My cassette and spectrometer system provide for a rapid and effective multielement analysis and overcome the difficulties associated with the use and alignment of photomultipler tubes in such multielement analysis.
FIG. 1 is a partially schematic and perspective view of a spectrometer system employing my cassette.
FIG. 2 is a rear face plan view in partial cross-section of my cassette illustrating the means to align my cassette.
FIG. 3 is a perspective view of my cassette showing a particular face mask plate.
FIG. 4 is an enlarged cross-sectional view of my cassette illustrating the optical transmitting means in the cassette.
FIG. 5 is an enlarged partial cross-sectional and perspective view illustrating the adjustment of the optical transmitting means of my cassette.
Emission spectrometers are useful for both qualitative and quantitative analyses. Typically, a spectrometer comprises: an energy source, such as a plasma jet, into which the sample to be analyzed is introduced to provide a spectral energy distribution of the elements characteristic of the sample; an optical resolution system to distribute and display the emission spectra onto a focal plane; and a detector system to detect and measure the radiant intensity and wave length of the observed spectra, whereby the identity and, if desired, the amount of each element in the sample may be determined. Optionally and conventionally, the spectrometer system may also contain various processor systems for processing the information received by the detector, and a display system to display or print out the processed results.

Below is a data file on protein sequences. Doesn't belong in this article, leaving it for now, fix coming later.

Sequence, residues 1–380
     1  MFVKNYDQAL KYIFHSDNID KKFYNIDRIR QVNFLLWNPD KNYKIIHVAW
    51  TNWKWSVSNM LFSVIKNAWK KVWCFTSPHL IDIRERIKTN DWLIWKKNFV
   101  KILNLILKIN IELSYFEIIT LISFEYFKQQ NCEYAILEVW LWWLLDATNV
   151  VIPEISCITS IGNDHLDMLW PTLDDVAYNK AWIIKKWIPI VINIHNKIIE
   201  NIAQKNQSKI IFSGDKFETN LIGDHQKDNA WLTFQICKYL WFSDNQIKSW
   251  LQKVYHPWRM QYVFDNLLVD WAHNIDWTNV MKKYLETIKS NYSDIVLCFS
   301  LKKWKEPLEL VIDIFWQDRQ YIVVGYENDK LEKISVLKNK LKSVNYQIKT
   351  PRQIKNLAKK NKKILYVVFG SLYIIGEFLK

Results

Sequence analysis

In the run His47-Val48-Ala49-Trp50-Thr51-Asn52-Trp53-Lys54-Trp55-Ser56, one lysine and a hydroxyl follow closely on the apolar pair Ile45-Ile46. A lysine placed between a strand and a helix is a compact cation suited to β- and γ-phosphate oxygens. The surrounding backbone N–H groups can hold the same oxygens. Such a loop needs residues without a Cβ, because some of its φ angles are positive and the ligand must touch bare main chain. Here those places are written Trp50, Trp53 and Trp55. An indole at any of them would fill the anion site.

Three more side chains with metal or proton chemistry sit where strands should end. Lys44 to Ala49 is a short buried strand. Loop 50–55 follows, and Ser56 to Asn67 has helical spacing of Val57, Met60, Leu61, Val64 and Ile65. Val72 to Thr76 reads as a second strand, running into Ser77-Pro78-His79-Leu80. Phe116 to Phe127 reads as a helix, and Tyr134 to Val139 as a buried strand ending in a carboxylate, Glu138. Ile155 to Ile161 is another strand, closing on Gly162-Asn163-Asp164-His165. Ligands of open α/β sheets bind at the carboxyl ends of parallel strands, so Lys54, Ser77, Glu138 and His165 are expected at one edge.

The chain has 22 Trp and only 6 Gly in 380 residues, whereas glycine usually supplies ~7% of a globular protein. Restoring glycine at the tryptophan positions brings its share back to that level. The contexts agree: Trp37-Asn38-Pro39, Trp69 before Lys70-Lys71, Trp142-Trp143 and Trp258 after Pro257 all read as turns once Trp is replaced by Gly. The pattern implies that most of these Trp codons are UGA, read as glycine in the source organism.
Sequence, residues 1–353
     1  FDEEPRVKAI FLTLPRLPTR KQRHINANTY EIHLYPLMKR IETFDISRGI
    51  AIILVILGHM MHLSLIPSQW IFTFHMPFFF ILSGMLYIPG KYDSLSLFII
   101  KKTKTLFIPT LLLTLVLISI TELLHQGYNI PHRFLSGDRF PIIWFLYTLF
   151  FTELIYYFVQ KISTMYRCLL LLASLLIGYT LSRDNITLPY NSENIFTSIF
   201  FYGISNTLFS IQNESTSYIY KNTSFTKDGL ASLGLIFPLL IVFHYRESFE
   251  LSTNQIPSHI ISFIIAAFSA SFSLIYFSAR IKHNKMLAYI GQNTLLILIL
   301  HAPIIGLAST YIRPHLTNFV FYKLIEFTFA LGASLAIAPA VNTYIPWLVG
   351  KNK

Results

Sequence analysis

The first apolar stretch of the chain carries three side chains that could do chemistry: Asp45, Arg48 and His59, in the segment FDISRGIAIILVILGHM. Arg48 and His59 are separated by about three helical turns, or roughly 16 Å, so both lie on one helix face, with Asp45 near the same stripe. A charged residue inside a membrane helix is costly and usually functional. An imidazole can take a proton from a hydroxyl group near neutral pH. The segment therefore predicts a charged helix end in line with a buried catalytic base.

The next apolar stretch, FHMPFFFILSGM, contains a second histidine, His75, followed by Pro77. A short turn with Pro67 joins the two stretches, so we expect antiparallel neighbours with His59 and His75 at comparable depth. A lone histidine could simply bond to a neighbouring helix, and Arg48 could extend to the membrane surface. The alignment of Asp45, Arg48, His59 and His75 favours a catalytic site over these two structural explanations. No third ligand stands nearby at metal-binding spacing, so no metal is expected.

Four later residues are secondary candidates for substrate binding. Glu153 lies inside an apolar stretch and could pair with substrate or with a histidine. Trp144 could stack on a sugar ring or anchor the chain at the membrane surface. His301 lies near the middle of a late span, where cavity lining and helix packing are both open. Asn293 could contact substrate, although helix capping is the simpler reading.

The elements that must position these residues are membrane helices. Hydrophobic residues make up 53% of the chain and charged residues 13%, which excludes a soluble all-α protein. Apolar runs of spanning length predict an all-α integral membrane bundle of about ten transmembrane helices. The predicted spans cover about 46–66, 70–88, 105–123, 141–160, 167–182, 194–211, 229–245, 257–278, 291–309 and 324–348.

One spectrometer device known as an echelle-prism spectrometer, which provides for the focusing of the horizontal and vertical components of the spectra at the exit focal plane of the spectrometer, is described in U.S. Pat. No. 3,658,423, issued Apr. 25, 1971, hereby incorporated by reference.
A variety of different means may be used to detect the spectra; however, in most spectrometer systems, the detectors are photomultiplier tubes (PMT), since at present the PMT provides the best signal/noise ratio (S/N) for the detecting of elements; for example, in the 2000 to 8000 A spectral region. Often, two PMTs of different range of sensitivity are used to cover the desired spectral range.
Detection may comprise the use of a single PMT in a sequential mode, wherein each element in the spectra to be analyzed is detected individually and sequentially in time, with adjustments made in the exit slit each time to optimize the S/N ratio and the sensitivity of the spectrometer. Detection may also comprise the employment of a plurality of PMT for simultaneous multielement detection. In the multielement detection system, an array of PMT is employed behind the focal plane of the spectra, with the single slit in the focal plane replaced by a fixed pattern of exit slits. The fixed pattern of exit slits provides a fixed average optimum position for the number (N), for example, up to 20 spectra lines of interest. The exit slits positioned in the focal plane correspond to wave length characteristics of the elements to be detected.